ROKU

Roku Has Bigger Problems to Worry About Than Walmart Acquiring Vizio

Roku (NASDAQ: ROKU) stock has been under pressure lately. Not only is the streaming company coming off an uninspiring fourth quarter, but news of Walmart acquiring smart TV maker Vizio likely also has investors worried about an increase in competition for Roku in the future. Even if it's part of a broader move for Walmart to go after rival Amazon, having the largest retailer in the world encroach on your territory simply isn't a great development for Roku.

But there are bigger problems Roku investors should consider besides what impact that deal will have on competition in the future. These are all reasons why the stock could struggle, and why the sell-off may still be in its early stages.

Roku lacks a moat

For a company to have strong growth prospects, it needs to have a moat, or a sustainable competitive advantage. Roku lacks that element. Its platform helps to consolidate streaming options, but it's by no means the only game in town. Other smart TVs also feature apps that can make it easy for people to access streaming offerings from Netflix and Walt Disney. Roku has simply been among the most popular options.

And with some companies partnering up to offer consolidated streaming packages, there may be less of a need in the future for consumers to rely on Roku's software to group all of their subscriptions together. ESPN, Fox, and Warner Bros. Discovery have recently launched a joint venture to offer a streaming sports package in the U.S. expected to be available later this year.

Given the challenges for streaming companies to generate profits, a need for consolidation could be a necessity, and that may impact the demand for Roku's products and services in the future.

The company's margins haven't been great

Roku's business has continued to grow but that doesn't mean its bottom line is in great shape. The company has been regularly incurring losses on a quarterly basis. For the last three months of 2023, Roku posted an operating loss of $104.2 million. And over the trailing 12 months, those losses total $792.5 million.

Its gross margin percentage has been within a range of 40% to 46% during that stretch, and that's with its platform gross profit making up for losses on the device side -- Roku's devices have been selling at such low prices that the segment has incurred gross losses in three of the past four quarters. Low margins are a bad sign that a company has to discount its products excessively to get them moving. While Roku's overall gross margin is still in 40-percentage territory, that's clearly not good enough for the business to be profitable.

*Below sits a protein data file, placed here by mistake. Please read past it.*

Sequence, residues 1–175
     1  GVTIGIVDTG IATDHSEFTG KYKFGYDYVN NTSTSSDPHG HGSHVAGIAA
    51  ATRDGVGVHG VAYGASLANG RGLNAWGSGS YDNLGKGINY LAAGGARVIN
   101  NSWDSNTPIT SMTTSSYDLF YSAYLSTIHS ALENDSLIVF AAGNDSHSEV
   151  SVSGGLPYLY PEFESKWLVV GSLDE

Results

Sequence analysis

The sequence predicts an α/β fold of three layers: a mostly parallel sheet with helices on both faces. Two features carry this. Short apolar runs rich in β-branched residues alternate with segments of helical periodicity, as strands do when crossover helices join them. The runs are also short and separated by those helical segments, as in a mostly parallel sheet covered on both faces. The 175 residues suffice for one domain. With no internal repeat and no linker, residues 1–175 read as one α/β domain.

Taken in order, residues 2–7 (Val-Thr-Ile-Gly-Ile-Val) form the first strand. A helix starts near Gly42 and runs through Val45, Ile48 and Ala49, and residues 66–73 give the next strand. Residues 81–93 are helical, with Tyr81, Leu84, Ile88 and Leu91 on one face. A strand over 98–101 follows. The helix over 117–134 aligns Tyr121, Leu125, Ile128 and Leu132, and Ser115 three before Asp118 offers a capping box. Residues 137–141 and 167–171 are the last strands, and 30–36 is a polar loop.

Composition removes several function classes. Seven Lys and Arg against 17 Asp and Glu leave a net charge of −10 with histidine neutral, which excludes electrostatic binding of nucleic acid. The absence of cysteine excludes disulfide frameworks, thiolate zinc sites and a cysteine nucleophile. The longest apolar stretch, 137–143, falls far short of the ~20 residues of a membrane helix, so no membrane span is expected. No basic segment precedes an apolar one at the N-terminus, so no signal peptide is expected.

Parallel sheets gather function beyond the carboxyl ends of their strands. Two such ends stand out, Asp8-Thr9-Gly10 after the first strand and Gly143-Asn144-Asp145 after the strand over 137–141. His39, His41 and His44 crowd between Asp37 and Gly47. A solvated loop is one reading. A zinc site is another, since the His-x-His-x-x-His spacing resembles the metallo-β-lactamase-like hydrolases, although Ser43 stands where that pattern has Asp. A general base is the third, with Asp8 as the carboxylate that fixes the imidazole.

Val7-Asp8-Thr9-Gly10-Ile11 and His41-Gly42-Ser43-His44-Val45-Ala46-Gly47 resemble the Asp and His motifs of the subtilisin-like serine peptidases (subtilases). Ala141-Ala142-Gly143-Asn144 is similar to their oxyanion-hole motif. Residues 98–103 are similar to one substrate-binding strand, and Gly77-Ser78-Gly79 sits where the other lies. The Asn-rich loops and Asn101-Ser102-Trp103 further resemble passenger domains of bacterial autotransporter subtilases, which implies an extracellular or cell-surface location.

The recent acquisition highlighted just how expensive Roku is

One thing that got my attention in the Walmart-Vizio deal is that the price tag wasn't terribly expensive. At $2.3 billion, it wasn't a huge acquisition for a company of Walmart's size -- it normally generates more than $10 billion in annual profit.

And it also highlights a potential reason why a company such as Roku may not be as appealing to an acquirer, because it sports a much higher price tag. Even though Roku shares have been sliding lately, the streaming specialist still has a market capitalization of more than $9 billion. Roku does generate about twice the amount of revenue that Vizio does, but unlike Roku, Vizio has recently been profitable. As a result, it could be difficult to justify why Roku might be worth more than 4 times as much as Vizio.

Roku's stock could be in trouble

I used to be a big fan of Roku's until I switched from it to another smart TV from Samsung and realized that not only is there not a drop-off in quality of the software, but it may even be better. I'm not convinced the company has any sustainable competitive advantage. And when factoring in its continuing losses, it wouldn't surprise me to see the stock fall even further this year.

The Walmart-Vizio deal helped bring to light just how expensive Roku stock really is -- and why it could be a bad buy even at its reduced price.

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John Mackey, former CEO of Whole Foods Market, an Amazon subsidiary, is a member of The Motley Fool's board of directors. David Jagielski has no position in any of the stocks mentioned. The Motley Fool has positions in and recommends Amazon, Netflix, Roku, Walmart, Walt Disney, and Warner Bros. Discovery. The Motley Fool has a disclosure policy.

The views and opinions expressed herein are the views and opinions of the author and do not necessarily reflect those of Nasdaq, Inc.

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